It’s popular opinion that firstborns are third parents. They form the last leg of the Holy Trinity of Nigerian parenthood. But it’s hardly bliss to the firstborns themselves, who are managing their own lives while being the bridge between two generations; their parents and siblings. 7 Nigerians share their experiences about what it really costs to be a first-born child.
Toyin, 56, Male
I think my case is peculiar because I’m not just the first-born child, I am also the first-born in a large polygamous family. I have 14 siblings, all of whom I have to cater to in some way. This gets overbearing sometimes because I have my own family to care for. On a good month, I spend an average of ₦1m on helping the family alone. This ranges from school fees and rents to my mum’s medical bills. While I wish I didn’t have to carry such a heavy burden, it’s quite gratifying to help out in every way I can.
Ibraheem, 25, Male
I recently started working full-time. And I transitioned into this by taking freelance jobs from time to time. I don’t think I make a lot of money, but I feel like I give out a lot. I often have to send some money to my parents every month for upkeep, and to both of my siblings as allowance. It feels good to be able to do that. But it just constantly reminds me that my money is not really my own.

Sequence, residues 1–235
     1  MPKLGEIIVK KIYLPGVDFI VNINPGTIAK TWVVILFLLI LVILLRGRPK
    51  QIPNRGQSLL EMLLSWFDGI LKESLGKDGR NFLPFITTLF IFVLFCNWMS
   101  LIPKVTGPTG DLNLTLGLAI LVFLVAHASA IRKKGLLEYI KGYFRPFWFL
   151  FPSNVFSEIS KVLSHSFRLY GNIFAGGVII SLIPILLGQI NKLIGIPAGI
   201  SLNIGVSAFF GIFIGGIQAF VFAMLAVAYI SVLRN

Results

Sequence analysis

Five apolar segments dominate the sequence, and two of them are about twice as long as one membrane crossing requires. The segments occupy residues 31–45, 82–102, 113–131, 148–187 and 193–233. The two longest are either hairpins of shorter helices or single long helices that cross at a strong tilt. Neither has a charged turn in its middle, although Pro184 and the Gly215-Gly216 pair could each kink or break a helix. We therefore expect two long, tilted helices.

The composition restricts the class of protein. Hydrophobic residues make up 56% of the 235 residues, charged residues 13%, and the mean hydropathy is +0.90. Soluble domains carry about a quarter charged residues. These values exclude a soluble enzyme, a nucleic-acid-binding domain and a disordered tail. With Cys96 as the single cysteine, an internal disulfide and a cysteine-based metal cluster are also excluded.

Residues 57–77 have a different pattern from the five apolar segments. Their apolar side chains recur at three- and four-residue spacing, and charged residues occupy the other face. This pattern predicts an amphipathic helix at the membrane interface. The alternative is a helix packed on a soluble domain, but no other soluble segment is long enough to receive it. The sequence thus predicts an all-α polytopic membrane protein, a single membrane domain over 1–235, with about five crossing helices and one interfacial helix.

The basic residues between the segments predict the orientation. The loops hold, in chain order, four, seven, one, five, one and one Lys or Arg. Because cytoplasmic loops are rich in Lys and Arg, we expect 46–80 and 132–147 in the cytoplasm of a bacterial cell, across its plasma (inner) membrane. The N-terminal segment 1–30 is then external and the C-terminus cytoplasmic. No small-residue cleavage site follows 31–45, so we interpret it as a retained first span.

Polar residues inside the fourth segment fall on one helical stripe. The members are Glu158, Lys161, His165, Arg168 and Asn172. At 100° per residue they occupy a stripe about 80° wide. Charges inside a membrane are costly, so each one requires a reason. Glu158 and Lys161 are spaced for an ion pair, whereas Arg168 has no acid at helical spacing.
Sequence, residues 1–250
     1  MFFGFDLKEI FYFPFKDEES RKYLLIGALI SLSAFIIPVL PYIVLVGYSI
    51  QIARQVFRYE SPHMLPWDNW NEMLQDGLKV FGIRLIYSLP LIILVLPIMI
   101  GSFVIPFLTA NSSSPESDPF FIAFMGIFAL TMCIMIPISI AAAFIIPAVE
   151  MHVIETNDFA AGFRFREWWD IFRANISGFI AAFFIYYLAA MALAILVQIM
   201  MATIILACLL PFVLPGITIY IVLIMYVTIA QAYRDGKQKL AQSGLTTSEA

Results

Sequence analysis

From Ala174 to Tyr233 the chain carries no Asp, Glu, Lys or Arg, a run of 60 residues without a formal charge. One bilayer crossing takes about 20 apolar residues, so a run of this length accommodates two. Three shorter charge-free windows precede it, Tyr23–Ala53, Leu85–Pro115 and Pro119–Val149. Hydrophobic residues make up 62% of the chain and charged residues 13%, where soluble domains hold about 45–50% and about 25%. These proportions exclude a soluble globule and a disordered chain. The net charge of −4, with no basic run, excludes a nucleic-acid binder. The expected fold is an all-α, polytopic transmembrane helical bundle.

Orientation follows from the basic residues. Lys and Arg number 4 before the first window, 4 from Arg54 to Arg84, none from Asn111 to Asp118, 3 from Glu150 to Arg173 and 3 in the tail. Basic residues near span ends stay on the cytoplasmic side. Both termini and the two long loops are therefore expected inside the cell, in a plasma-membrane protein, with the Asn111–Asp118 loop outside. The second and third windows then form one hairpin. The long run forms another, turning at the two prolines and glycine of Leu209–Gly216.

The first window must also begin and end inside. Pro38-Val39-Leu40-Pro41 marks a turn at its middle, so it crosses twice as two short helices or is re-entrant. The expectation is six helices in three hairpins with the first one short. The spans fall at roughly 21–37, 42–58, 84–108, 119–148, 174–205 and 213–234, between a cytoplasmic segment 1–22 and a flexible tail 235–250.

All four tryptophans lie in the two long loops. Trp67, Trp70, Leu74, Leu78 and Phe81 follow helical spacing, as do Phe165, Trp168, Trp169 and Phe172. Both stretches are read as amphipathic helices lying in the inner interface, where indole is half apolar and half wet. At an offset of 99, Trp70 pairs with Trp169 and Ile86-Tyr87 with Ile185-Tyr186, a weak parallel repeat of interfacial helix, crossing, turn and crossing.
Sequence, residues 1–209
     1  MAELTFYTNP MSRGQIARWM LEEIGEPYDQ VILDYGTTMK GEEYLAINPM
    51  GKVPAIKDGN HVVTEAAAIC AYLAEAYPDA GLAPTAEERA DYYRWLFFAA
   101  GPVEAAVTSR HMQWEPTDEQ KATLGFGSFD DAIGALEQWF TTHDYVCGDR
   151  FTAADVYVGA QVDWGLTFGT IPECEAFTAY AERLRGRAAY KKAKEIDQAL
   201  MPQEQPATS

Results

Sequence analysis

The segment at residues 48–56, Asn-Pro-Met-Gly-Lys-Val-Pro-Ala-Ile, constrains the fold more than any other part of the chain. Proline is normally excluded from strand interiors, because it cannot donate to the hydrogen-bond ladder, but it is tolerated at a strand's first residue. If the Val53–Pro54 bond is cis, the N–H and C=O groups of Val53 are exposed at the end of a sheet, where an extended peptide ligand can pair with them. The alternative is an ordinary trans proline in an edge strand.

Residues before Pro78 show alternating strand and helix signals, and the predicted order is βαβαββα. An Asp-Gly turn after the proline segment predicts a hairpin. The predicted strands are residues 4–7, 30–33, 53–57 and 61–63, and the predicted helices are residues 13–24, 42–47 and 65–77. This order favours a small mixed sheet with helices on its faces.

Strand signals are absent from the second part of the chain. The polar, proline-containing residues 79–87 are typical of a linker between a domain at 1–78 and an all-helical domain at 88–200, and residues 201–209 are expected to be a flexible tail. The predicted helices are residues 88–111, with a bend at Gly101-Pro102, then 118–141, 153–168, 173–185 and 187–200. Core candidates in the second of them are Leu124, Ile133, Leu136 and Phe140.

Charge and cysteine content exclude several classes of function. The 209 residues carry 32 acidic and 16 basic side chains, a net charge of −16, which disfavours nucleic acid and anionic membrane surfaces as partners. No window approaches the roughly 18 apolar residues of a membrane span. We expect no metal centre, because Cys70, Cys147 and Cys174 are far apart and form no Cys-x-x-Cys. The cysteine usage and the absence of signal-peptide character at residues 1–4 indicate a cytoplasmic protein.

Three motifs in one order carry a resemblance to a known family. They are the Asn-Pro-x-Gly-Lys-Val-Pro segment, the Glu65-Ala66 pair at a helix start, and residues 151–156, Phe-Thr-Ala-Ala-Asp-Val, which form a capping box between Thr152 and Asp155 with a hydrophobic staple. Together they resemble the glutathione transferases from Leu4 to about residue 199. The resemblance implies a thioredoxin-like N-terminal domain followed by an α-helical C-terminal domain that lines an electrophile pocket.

Shade, 38, Female
I don’t have to spend this much every month, but I find that I often end up doing so. If I had to describe how it really flows out, I’d say it’s the random requests for favours I get from family. I’m often seen as the most successful member of the family, even though I don’t think it’s true. This puts a lot of financial expectation on me that simply doesn’t make sense. I used to spend a lot more on these favours, but I had to make a clear plan. ₦100,000 for my parents and another ₦100,000 for my siblings. Anybody else, I give them excuses. This has worked really well.
Nkechi, 22, Female
I’m not bleeding a lot of money right now, but I can already feel it coming. The small jokes that end with “sha give us money”. The random calls I get from my siblings because “I don’t want to ask daddy”. I appreciate them though. They make me feel good and useful. I’m also already hearing whispers from my parents about monthly upkeep. God, abeg.
Demola, 45, Male
I get random calls from my siblings about how they just want to check up on their big brother. But no, it’s all lies. They know I’m fine. They’re really checking up on my bank account and the amount of money that’s going to depart from it. If, like me, you have six female siblings, you’ll know what I’m talking about.
Olutayo, 60, Male
Yorubas have this mini-title, “Olori Ebi”. It loosely translates to “Head of the Family”, and the surest way to get it is to be the first-born child. I took this title after our parents died and I had to be the one keeping everyone together. It comes with a lot of responsibility, mostly financial. It’s the same as adding three nuclear families to your own. Whatever financial situation they face, your pocket will feel it somehow. I help out on everything from school fees to upkeep and even rent. I don’t even keep track as much as I used to.
Seliat, 57, Female
Apart from my kids, the only things that take money from my pocket are my business and my mom’s health. I have my husband to pay for most other things. Also, my siblings are doing pretty well for themselves. So there’s really no pressure to spend money on anyone.